To be a successful exporter, you need a solid understanding of each phase of the export journey—what it requires in terms of infrastructure, compliance and documentation (just to name a few), as well as the key players who are involved.
In this article, I’ll share four important considerations related to international shipping and logistics that new exporters must consider as they begin their journey in international trade.
1. Understand the Exporting Process from Start to Finish
No matter what you are exporting, your success depends on creating export procedures that promote best practices, maximize your profits and keep you out of trouble. Here are the main procedures you should focus on according to the steps of the exporting process:
- Developing your export strategy.
- Reviewing and understanding export and import regulations.
- Preparing your goods for shipping.
- Completing your export paperwork.
- Making sure you get paid.
Learn more about all exporting steps in our guide, Export Procedures and Documentation: An In-Depth Guide.
2. Understand Export Compliance Requirements
Arguably the most important aspect to consider, export compliance is the foundation of becoming a successful exporter. Exporters should first ask themselves the following question when shipping internationally: Do I need an export license?
The answer is usually “no, I don’t need a license”—95% of all items exported from the United States to a foreign buyer don’t require one, even though the items are subject to U.S. government export control laws and regulations. However, just because your product is among the majority that don’t require a license doesn’t mean that you can sell it anywhere and to anyone.
Determining which of your products are subject to export regulations is one of the first, most important steps you’ll need to take in the export compliance process. Once you’ve done your background research, use our Export Controls Wizard to find out more about your specific product’s requirements.
Additionally, you need to be aware of the following compliance-related concepts:
These are countries you are not allowed to do business with; you need to know which ones are included. Learn more about embargoed countries and export regulations in our articles Six Basic Steps for Export Compliance and The Three R’s of Export Compliance.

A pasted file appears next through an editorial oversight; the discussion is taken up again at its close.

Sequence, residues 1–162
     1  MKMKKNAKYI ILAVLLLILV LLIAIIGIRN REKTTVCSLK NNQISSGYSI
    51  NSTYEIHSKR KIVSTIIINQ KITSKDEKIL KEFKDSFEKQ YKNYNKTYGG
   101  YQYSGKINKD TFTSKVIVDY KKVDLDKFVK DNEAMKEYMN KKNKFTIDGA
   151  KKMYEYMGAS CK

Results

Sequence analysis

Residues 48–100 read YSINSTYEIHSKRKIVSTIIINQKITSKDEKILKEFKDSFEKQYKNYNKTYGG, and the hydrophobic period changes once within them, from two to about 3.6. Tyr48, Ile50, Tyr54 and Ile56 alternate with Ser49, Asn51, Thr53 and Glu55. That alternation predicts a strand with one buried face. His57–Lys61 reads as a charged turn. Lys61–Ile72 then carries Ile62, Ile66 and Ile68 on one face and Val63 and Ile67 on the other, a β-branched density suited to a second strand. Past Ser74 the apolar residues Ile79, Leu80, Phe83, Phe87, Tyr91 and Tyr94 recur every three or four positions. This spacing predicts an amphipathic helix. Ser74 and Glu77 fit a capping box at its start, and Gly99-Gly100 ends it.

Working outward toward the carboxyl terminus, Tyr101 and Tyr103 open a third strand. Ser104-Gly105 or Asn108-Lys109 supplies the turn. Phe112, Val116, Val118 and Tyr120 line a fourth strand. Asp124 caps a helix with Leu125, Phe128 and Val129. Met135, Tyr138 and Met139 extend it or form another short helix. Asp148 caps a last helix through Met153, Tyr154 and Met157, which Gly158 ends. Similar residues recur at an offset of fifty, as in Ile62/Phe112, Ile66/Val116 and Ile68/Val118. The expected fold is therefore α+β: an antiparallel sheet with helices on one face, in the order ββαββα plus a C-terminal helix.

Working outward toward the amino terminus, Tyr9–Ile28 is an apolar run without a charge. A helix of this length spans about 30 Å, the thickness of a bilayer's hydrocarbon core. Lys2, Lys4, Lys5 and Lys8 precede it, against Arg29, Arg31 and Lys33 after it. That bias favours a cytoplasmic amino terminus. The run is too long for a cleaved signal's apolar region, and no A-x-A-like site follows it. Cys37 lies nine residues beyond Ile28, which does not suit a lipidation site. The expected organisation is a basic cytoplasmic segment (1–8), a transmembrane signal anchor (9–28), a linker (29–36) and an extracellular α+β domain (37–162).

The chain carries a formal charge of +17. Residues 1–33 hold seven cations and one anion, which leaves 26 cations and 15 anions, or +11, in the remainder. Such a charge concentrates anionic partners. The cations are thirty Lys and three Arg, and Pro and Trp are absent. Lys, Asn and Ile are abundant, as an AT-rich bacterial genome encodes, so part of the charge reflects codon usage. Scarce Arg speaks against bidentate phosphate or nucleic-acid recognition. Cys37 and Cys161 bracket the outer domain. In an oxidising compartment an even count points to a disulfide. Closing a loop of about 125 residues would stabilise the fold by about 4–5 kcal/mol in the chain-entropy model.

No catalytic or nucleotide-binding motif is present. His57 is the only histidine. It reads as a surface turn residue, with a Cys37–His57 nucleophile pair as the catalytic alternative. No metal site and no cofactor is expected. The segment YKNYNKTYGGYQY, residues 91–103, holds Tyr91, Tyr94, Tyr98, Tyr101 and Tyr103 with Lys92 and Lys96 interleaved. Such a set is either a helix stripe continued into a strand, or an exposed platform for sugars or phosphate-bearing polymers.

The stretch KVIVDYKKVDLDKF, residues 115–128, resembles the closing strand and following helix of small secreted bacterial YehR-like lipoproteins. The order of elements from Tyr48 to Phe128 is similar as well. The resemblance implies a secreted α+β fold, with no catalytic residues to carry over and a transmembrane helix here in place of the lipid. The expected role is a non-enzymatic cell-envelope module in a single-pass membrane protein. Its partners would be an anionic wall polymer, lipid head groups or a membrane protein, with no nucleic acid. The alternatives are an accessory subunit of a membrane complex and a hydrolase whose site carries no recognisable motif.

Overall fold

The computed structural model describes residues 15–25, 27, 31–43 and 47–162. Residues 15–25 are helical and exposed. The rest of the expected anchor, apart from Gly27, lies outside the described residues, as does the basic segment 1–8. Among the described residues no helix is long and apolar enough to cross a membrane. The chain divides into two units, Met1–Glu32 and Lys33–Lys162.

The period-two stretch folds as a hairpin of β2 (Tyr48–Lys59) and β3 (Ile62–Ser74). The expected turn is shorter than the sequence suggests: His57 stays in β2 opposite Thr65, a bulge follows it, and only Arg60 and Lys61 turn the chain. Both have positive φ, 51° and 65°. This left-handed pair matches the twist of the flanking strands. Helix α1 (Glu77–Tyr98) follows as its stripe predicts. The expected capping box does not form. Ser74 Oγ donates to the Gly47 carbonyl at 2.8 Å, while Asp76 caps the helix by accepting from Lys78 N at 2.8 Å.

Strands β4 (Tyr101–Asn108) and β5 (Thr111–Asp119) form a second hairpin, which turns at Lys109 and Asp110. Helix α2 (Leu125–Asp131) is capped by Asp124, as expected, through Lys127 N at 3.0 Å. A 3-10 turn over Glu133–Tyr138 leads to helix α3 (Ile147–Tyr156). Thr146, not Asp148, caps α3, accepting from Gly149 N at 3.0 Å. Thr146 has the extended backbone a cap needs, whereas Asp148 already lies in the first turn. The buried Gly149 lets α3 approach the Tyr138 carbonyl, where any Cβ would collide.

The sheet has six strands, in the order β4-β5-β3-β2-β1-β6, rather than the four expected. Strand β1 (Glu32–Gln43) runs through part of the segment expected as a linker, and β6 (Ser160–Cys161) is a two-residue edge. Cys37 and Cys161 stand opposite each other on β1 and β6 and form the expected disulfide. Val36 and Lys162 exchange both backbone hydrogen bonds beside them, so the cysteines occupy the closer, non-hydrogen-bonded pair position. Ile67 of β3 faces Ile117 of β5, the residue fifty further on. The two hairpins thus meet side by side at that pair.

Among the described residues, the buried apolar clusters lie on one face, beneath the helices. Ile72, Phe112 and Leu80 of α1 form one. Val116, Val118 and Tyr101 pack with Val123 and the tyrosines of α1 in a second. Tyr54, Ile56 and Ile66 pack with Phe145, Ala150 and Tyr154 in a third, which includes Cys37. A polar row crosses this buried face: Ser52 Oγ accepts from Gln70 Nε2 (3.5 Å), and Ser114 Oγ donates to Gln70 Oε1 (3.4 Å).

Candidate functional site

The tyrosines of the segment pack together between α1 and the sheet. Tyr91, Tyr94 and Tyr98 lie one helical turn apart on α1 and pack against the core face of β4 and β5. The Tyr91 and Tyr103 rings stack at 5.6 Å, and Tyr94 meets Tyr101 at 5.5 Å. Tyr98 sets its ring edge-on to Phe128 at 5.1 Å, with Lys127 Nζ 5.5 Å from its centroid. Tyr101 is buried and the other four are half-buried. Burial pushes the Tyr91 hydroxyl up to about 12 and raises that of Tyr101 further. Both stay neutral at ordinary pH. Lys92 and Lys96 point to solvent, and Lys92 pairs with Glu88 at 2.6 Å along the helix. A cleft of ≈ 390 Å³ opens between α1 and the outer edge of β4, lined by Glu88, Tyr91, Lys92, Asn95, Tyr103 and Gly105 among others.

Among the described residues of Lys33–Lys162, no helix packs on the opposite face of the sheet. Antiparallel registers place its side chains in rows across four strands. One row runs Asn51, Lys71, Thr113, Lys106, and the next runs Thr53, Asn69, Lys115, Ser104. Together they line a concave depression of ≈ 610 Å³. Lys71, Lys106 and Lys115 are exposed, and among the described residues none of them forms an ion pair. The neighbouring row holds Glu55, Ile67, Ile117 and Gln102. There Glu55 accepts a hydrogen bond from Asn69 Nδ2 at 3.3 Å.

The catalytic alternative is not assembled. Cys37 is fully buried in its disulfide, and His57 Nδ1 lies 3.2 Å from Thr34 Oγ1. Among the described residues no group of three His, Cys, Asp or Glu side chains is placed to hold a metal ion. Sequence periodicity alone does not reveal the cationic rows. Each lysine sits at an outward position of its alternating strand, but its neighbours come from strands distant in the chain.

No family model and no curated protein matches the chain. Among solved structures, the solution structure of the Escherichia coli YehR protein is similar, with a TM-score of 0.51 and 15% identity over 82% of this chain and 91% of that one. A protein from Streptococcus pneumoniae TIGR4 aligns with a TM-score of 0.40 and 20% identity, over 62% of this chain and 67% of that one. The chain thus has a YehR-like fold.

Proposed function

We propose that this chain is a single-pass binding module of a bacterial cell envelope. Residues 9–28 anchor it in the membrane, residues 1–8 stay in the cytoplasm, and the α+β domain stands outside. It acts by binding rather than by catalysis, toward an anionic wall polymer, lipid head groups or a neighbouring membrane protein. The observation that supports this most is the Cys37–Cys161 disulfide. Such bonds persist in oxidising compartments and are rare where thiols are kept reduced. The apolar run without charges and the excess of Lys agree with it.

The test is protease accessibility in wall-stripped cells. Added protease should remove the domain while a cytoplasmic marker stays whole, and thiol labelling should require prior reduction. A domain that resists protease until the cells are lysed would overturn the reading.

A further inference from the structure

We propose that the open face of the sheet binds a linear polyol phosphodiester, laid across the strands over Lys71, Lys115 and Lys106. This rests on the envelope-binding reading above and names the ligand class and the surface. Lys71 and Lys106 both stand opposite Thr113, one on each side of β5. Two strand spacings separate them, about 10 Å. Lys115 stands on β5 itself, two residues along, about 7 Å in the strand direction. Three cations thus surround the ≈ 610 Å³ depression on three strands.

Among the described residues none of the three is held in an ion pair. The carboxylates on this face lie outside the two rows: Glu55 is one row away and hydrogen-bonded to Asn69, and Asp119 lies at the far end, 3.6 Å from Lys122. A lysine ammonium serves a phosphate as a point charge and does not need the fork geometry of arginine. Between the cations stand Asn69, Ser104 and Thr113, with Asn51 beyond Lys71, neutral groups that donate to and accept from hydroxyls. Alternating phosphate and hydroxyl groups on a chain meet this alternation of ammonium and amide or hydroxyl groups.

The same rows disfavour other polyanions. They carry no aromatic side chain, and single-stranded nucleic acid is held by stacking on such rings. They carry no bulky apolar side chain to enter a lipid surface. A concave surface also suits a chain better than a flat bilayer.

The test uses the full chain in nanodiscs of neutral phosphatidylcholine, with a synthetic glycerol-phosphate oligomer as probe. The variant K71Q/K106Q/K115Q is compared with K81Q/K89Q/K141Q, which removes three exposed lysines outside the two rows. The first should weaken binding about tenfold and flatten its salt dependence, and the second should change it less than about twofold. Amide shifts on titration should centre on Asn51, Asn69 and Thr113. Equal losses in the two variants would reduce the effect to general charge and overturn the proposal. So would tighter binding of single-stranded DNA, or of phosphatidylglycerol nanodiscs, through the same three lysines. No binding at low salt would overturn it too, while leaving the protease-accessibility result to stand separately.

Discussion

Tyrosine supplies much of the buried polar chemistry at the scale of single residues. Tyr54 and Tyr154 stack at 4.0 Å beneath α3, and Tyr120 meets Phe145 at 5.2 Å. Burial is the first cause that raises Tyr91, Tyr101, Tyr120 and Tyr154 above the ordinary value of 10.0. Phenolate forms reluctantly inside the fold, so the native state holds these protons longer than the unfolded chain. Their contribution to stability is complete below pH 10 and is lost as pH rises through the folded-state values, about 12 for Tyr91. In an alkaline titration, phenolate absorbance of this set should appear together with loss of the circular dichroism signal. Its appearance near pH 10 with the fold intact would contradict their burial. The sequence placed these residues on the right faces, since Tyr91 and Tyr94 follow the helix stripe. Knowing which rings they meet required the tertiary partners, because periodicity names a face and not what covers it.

These are individuals, businesses and other organizations that have been identified as engaging in activities related to the proliferation of weapons of mass destruction; are known to be involved in terrorism or drug trafficking; or have had their export privileges suspended. Exporters should check all parties in every export transaction against the various denied party screening lists to prevent incurring penalties.
You can manually screen companies and people against the government’s Consolidated Screening List. Yes, it is time consuming, but you could face significant penalties if you are found to be in violation of these regulations. Save your screening results even if you get no matches. It is your proof that your company is doing its due diligence to meet U.S. export regulations.
Be aware that the Consolidated Screening List only includes the nine most popular lists from the departments of commerce, state and treasury. There are actually more than 100 different lists of people and organizations with which you can’t do business. Software programs such as Shipping Solutions export documentation and compliance software make it easy to screen the parties in your export transactions against all the lists and automatically saves your results in an audit trail. (Request a free demo of the Shipping Solutions software.)
Export Compliance Program
To help ensure your company is complying with export control regulations while also managing your other export-related decisions and transactions, we recommend that your company establish an Export Compliance Program (ECP). An ECP lets you analyze pieces of information and individual decisions and then build them into an organized, integrated system. Learn more about the components of an ECP, as well as how to create and implement your own, here.
3. Find Reputable Logistics Partners
Hiring reliable logistics partners like freight forwarders and customs brokers is an important aspect of your success. Whether you’re looking for a new partner or reviewing your relationship with your current freight forwarder, here are seven questions you should think about before taking action: